Keri Richardson

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On who you are… 
I think in a nutshell, I’m a sporty Southern belle. I love everything about my debutante Southern upbringing but I’m driven by a love of sports. I currently work for Mercedes-Benz USA as product pricing specialist and am an avid traveller. I will conquer my 30th country for my 30th birthday this fall.
 
On running… 
Running for me has always been an escape. My best runs are early in the morning before the traffic gets started, but I’ll happily take a run any time of the day. Running makes me take time out for myself. Forget all the responsibilities I have and just doing something for me.

It’s always good to see another runner out. You smile at each other and nod. It feels like silent encouragement. 

On your First Run...
Hard to remember my first run, but I do remember the first time I quit. I’ve been a dancer for most of my life so staying active was required. During the off-seasons, we needed to participate in an alternative sport. I joined a cross-country running club during the summer before my senior year of high school. I gave up after 7 minutes of running. Who would have thought 2 years later, I would love running and join a cross-country running club in college.

 On Street culture…
I’m grateful to have travelled a lot of places and can witness the vast differences of street culture. I love living in a destination, if only for a few days. Visiting means just observing, living means experiencing. That’s always my goal when I travel. Street culture tells you a unique story about a city.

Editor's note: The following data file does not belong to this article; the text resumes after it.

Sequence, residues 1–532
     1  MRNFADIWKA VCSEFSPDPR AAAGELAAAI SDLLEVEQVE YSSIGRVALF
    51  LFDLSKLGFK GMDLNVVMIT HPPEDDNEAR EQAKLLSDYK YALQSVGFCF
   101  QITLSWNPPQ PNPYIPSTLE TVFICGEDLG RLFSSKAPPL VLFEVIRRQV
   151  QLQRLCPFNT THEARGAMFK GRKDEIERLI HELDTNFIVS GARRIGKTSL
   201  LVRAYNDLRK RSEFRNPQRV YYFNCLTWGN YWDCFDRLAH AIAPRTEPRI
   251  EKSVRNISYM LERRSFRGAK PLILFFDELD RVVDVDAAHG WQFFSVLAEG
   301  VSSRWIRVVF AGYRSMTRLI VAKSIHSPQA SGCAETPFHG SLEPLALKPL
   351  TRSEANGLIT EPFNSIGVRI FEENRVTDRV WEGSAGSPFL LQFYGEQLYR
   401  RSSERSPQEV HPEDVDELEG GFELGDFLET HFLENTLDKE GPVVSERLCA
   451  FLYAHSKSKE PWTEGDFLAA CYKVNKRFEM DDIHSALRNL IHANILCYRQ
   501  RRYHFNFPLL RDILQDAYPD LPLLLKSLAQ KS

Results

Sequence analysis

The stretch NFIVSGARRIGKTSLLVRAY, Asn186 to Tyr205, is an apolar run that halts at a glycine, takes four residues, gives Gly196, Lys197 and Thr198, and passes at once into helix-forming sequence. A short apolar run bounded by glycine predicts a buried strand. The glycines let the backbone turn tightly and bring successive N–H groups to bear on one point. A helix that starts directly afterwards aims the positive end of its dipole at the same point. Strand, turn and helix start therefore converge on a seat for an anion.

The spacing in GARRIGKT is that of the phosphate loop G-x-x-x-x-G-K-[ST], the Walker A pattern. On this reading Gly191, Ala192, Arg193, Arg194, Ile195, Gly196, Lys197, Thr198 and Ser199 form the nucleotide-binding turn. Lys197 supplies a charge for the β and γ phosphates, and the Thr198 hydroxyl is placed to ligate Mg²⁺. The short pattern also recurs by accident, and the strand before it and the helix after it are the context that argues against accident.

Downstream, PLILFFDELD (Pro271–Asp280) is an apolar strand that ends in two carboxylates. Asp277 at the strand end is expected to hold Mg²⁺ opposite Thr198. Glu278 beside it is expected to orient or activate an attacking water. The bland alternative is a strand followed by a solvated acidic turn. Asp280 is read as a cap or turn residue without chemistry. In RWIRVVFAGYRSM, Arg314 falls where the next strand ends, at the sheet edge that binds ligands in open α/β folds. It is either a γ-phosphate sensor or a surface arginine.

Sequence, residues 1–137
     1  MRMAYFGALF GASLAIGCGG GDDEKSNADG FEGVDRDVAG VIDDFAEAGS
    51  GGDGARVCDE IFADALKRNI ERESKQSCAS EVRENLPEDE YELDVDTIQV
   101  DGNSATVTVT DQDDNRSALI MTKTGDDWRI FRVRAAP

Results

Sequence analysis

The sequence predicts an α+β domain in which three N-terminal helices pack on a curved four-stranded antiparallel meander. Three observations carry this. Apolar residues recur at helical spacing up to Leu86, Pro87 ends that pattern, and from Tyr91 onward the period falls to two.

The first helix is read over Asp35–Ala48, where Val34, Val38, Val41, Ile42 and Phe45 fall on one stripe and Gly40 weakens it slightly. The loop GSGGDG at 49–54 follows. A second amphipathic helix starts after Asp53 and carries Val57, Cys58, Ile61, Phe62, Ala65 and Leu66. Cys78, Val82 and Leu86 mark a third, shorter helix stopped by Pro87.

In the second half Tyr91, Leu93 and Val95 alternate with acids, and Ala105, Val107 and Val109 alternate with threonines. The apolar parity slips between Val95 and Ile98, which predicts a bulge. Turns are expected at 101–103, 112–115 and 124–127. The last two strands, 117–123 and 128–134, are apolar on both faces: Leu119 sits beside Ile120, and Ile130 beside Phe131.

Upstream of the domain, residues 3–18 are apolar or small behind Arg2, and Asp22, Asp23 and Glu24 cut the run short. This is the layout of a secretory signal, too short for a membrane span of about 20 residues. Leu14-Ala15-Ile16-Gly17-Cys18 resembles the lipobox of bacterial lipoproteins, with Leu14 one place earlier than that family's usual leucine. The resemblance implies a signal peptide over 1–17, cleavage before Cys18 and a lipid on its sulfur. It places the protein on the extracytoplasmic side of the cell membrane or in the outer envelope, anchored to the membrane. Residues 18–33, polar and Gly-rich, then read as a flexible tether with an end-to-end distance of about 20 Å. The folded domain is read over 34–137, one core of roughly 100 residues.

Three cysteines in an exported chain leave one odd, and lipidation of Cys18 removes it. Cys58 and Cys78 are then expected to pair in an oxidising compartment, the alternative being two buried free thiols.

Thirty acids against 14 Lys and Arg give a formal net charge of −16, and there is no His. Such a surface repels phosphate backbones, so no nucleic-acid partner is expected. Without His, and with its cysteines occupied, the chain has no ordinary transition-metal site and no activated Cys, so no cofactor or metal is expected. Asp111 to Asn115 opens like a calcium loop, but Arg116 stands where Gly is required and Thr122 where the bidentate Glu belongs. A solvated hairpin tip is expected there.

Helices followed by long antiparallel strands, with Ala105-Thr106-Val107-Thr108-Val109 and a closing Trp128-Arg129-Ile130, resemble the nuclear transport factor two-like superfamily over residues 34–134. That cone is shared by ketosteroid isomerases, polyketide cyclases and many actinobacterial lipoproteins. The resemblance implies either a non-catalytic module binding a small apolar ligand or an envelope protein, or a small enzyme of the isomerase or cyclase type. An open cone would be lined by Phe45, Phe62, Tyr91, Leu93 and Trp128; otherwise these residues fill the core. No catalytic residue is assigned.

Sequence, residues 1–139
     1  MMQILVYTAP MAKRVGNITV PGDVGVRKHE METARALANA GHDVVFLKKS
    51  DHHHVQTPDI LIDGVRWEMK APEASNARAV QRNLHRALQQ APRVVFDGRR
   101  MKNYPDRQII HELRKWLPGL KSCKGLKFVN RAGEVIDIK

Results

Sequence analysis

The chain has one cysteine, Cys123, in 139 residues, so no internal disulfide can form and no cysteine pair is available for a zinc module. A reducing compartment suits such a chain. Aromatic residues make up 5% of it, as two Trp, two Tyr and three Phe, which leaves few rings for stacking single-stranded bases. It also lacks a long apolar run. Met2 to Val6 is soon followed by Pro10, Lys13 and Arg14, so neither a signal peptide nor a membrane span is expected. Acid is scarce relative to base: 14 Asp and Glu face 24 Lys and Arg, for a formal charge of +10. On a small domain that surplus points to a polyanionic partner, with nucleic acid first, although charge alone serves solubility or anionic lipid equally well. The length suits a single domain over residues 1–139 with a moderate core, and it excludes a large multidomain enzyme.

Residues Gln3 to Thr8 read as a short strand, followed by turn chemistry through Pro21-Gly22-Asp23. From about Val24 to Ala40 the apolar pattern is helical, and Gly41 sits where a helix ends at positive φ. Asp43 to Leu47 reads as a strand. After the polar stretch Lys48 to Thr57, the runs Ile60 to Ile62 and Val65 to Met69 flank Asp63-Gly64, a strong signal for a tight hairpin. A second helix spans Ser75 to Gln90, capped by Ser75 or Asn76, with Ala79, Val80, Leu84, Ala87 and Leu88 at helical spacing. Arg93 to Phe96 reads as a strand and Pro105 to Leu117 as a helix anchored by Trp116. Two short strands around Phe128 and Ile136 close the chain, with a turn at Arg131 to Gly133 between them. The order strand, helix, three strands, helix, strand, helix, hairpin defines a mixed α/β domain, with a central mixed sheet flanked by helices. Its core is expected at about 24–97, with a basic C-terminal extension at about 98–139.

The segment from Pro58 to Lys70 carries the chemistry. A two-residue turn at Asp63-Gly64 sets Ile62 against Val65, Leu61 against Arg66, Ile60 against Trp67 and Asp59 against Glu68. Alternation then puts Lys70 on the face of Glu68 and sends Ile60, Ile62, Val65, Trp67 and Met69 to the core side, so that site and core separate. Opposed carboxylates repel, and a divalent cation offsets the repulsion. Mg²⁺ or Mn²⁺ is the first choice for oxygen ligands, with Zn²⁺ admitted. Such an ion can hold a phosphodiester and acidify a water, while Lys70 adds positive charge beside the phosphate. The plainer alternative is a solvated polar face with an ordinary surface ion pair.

On running culture… 
I’ve lived in quite a few cities, so the running culture changes a little with each location and with each running group. What I love most about running, though, is no matter who or where you are, you’re always embraced by other runners. If you’re a beginner, you’re never made to feel like a weakling. You get the push you need to challenge yourself without the judgement. With the groups I’ve experienced, you can run in complete silence next to someone and still develop a bond. Running is so good for the soul.

On gadgets…
I’m not much of a techy person but I do need three things when I run: my cell, my Fitbit, and my wireless headphones. I’ve become really big on tracking my steps and my sleep pattern, so the Fitbit has become my best friend. It always lets me know when I’m having an off day. Sometimes, I feel that I rely on it too heavily so when my steps aren’t synching properly, it puts me in a bad mood. I feel like my steps don’t count if they’re not recorded – which is horrible, I know! Wireless headphones are seriously the most amazing things ever. Running without them just isn’t the same.

On injury…